Since its launch, Frontline has trained staff and volunteers at 150 different organisations working with vulnerable migrants across the whole of the UK. Carolina, who is Refugee Action’s good practice and partnership manager, describes the scale of the project: ‘We are working in Northern Ireland, in Scotland, England and Wales; all of the immigration dispersal areas within England. We’ve got six Citizens Advice on the programme; we’ve got Law Centres; we’ve got disability organisations; we’ve got, of course, women’s organisations; organisations working with young people – and we even have organisations that focus around teaching English as a second language. We are also working with homelessness organisations and organisations working with EU migrants only.’

Many of these are charities which had long wanted to be able to provide legal advice, but who found the registration process too onerous to undertake. Carolina says: ‘Becoming registered with OISC can be impractical, very daunting, for organisations. It’s quite resource intensive.’

Her colleague, James Conyers, Frontline’s student support manager, agrees that such caution was understandable. He likens the OISC training to ‘doing an A-level in a week – only you are thinking at a higher level than you are for A-level’. It is not, he adds, ‘remotely for the faint-hearted’.

Refugee Action’s challenge with Frontline, therefore, was to create a training programme for people with no legal background, which delivered complex information in suitably digestible chunks, and which was a high enough standard to prepare students to pass OISC’s exacting accreditation process.

The resulting programme, offered free, covers OISC levels 1 and 2, and is done over five days. All training is online, including by live webinars, which are recorded so they can be watched again in students’ own time. The course material (‘pages and pages and pages’, according to Carolina) is broken down into modules, with quizzes and other activities. It also includes advice on how to revise, and on how to craft a good written answer.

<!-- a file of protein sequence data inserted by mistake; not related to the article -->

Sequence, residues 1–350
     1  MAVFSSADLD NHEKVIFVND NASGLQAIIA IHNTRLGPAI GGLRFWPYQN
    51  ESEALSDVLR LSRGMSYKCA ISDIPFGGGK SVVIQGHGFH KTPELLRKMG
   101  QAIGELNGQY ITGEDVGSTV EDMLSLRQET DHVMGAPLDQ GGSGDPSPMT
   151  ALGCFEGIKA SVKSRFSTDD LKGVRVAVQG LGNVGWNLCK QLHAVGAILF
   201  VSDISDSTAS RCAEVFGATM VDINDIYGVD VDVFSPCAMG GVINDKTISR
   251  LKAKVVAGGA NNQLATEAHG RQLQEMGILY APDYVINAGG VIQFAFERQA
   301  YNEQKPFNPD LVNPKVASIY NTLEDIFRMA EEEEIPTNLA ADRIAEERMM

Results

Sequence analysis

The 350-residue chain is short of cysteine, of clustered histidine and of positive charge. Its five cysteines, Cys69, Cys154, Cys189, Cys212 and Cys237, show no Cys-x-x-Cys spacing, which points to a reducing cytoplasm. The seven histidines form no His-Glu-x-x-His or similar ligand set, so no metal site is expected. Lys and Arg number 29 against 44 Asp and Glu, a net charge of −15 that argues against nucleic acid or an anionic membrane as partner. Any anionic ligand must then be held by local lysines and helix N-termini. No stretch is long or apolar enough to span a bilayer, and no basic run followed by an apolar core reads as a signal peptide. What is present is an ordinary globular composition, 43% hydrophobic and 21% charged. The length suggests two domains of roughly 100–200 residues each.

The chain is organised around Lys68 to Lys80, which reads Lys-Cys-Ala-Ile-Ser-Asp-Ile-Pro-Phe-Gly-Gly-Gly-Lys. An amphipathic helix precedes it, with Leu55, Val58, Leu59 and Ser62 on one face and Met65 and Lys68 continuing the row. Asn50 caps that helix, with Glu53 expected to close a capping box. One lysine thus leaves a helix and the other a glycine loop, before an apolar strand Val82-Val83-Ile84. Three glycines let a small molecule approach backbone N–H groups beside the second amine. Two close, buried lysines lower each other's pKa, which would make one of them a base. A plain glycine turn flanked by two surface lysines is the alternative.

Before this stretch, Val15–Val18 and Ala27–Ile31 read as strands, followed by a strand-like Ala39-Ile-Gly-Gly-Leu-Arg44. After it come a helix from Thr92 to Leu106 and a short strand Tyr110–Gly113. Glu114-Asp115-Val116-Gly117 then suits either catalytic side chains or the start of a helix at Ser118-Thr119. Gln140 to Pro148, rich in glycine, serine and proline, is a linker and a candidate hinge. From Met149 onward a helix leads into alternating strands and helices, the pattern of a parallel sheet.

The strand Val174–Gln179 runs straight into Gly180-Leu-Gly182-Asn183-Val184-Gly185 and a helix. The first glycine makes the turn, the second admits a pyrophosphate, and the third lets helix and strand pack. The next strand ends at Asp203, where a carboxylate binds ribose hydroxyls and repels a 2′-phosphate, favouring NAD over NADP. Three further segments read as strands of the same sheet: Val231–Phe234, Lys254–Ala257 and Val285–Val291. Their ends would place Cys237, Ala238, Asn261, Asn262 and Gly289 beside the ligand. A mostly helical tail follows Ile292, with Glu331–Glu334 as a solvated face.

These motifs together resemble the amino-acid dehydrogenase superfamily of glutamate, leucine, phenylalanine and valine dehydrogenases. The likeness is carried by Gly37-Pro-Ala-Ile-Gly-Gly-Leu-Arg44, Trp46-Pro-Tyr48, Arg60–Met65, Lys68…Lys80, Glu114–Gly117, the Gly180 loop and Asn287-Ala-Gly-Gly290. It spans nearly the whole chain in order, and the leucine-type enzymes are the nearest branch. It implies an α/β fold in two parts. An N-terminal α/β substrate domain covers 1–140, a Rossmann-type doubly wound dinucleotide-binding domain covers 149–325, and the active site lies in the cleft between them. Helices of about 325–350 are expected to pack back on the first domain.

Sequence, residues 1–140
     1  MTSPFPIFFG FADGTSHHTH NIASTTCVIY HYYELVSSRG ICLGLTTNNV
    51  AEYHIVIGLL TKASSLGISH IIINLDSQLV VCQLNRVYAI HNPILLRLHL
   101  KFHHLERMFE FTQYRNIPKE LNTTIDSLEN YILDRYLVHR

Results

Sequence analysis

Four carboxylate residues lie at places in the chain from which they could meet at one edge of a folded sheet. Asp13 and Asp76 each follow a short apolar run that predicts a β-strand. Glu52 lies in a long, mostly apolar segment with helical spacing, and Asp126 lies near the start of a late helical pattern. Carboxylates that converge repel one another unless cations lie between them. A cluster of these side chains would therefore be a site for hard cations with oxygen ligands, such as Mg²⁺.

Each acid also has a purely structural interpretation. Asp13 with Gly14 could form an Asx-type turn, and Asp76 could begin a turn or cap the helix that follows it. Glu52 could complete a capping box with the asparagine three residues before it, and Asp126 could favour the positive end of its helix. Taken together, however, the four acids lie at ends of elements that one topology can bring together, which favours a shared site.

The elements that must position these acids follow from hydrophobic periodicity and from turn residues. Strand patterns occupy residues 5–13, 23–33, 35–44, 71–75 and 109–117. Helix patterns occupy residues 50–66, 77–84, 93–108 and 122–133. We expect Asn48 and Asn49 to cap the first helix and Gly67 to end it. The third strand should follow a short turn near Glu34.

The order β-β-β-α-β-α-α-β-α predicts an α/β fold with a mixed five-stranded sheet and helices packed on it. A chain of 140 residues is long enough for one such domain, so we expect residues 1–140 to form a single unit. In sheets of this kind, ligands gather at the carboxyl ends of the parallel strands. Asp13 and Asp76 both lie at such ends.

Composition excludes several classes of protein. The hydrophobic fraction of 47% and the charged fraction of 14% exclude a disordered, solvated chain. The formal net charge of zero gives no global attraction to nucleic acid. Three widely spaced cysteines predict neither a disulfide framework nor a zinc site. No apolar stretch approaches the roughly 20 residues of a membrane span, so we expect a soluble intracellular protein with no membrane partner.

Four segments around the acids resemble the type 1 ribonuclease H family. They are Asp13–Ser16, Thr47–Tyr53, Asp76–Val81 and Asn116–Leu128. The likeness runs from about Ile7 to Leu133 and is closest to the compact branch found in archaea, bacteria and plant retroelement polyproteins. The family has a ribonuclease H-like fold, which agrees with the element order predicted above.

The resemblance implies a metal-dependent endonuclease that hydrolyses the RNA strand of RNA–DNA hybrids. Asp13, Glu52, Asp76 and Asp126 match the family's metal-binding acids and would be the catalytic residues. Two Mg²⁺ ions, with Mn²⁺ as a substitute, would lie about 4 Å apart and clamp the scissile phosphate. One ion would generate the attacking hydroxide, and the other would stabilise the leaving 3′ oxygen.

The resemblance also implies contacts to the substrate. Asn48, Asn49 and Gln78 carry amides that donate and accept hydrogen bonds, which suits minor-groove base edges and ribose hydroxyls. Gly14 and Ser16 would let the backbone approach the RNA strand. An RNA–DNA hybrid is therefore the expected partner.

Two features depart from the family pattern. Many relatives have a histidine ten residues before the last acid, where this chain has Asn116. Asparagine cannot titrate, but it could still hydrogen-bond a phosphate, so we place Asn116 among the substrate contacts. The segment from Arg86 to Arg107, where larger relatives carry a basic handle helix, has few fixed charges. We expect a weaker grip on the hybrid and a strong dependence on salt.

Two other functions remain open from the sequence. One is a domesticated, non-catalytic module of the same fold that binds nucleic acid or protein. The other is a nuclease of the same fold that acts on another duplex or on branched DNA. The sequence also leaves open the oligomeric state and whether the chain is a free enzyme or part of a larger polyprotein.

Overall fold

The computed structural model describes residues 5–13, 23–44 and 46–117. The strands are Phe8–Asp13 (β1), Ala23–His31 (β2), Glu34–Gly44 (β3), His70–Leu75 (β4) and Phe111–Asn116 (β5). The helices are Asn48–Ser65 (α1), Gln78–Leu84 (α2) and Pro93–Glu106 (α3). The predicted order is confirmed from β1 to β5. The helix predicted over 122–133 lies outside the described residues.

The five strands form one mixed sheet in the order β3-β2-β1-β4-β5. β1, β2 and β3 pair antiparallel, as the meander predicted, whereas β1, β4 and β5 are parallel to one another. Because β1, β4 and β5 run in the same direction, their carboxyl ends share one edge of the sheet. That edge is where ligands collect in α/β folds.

James Conyers

James says, on average, around five Frontline students a month are passing the accreditation, and there is always excitement in the Refugee Action office each time they are alerted to a new one.

Once students are accredited and have begun advising, Frontline’s support continues in the form of regularly updated revision modules, and one-to-one coaching and consultancy from James, who is OISC level 3 accredited. There is a steady flow of inquiries (three had come in the day before we met), which suggests students find this back up useful. Even if James doesn’t know the answer instantly, his long experience means he knows where to look for it, he says.

‘One of the problems with immigration law is that it is getting progressively more and more complicated. We have court judgments where judges say they can’t understand it, that it is byzantine,’ he says.

Frontline’s response to having to build a course based on constantly shifting sands is to teach not just the law but problem-solving skills, so students learn how to find the latest information. Content on its web platform is constantly updated, and so provides a valuable resource.